Or, “Exploring the impact of parallel universes on identity”.
Kim Curran, author of Shift and Control has a very structured and philosophical view on identity and how it affects the genre and its possibilities. Given the super relevant nature of both these books (and the final book, Delete) and the topic of identity in SFF, Kim’s excellent post is definitely food for thought!
What is identity?
Is it how we see ourselves? How others see us?
My degree was in Philosophy and Literature. And while doing it, the topic of identity came up again and again. In philosophy ‘identity’ and ‘sameness’ have the same meaning. And so a thing’s identity is defined by the qualities it holds in common with other things.
And yet on the literature side of my degree, we looked at identity as individuality. What made a character unique; their voice, their emotional reactions, their journey.
So identity is defined by both a thing’s sameness to something and distinction from other things. Individual identity exists in the space between sameness and individuality. Which is to say, it’s all a bit messed up.
For me, identity is actually quite simple. It’s defined and shaped by the choices we make. It’s our decisions that make us who we are.
So if our choices make us, what happens when you introduce a reoccurring idea in SF – the idea of alternative universes? What impact does the many worlds theory have on our understanding of identity? If a new universe, a new reality, can be created with each new choice, is there ever one ‘us’? And what are the consequences to identity if you can change those choices and move between these alternative realities? Do you then change your identity?
This is the very theme I explore in my books Shift, Control and Delete. In them, I give my main character, Scott Tyler, the ability to change his decisions thereby creating an alternative universe.
Playing with this idea of choice and consequences on a large scale has allowed me to explore notions of how our choices shape our identities and how one single change could lead to a whole new self.
Take the butterfly’s wing in chaos theory. The fragile flap of a gossamer wing on one side of the world can cause a tornado on the other. Apply that to identity and the possibilities are endless.
One tiny choice opens up infinite parallel possibilities. In one universe, you can decide to go to the party, meet that boy/girl, get your heart broken, and come out a different person. Bitter? Stronger? Wiser? Whatever the outcome, you’ve been changed. In another universe, you stay at home.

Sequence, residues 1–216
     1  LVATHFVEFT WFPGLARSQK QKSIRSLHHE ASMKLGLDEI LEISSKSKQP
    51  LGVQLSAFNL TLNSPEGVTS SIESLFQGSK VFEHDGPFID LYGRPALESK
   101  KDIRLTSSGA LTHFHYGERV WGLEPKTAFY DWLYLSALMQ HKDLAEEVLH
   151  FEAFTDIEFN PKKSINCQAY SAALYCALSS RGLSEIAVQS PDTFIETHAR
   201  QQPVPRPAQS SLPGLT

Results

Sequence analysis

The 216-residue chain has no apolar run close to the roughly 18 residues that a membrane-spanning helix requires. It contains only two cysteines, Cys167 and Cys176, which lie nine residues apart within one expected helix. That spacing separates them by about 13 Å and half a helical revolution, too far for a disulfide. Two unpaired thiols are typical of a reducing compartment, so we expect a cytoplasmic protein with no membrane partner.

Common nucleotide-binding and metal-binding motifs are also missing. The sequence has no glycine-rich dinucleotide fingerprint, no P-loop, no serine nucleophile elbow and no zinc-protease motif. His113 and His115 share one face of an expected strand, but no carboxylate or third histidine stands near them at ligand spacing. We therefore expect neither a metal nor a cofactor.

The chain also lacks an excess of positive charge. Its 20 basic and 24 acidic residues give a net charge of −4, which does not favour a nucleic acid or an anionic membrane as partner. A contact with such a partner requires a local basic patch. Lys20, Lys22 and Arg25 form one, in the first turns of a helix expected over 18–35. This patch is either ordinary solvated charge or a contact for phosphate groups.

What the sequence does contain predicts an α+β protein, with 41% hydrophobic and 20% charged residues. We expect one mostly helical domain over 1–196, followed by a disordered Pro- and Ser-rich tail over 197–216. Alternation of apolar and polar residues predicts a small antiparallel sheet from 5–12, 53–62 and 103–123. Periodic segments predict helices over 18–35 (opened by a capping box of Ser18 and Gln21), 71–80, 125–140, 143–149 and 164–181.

In my books, I apply the Copenhagen interpretation of quantum physics to ensure that the previous universe collapses once the new decision is made. And yet Scott is able to hold on to a memory of the previous reality. It’s a tenuous and often flawed memory. But a memory nonetheless.
And it’s these memories that help him hold on to who he is. They become anchors in the storm. Without them, he would be come like flotsam, drifting on tides, unsure of who he is.
In some ways, all fiction is about these two things: choice and memory. And the strengths and failings of both.
When you can play with both these things – whether that’s by jumping through time (such as in Ken Grimwood’s Replay) or exploring the nature of memory (like in James Smythe’s The Machine) what you are ultimately exploring is identity.
Which is why I find SF so endlessly fascinating.
Given that I’m a complete geek for the notion of identity and the (real?) existence of parallel universes, I’m thrilled about this post, so thank you so much, Kim, for contributing to the discussion!
Kim will be at Forbidden Planet in London tonight(!) launching Shift. (Also present will be Angel’s Fury and The Weight of Souls author for a double launch of Shift and The Weight of Souls. If you’re willing to brave the sticky soup of London, the event starts tonight at around 18:30 (6:30pm). I’m told there will be cakepops!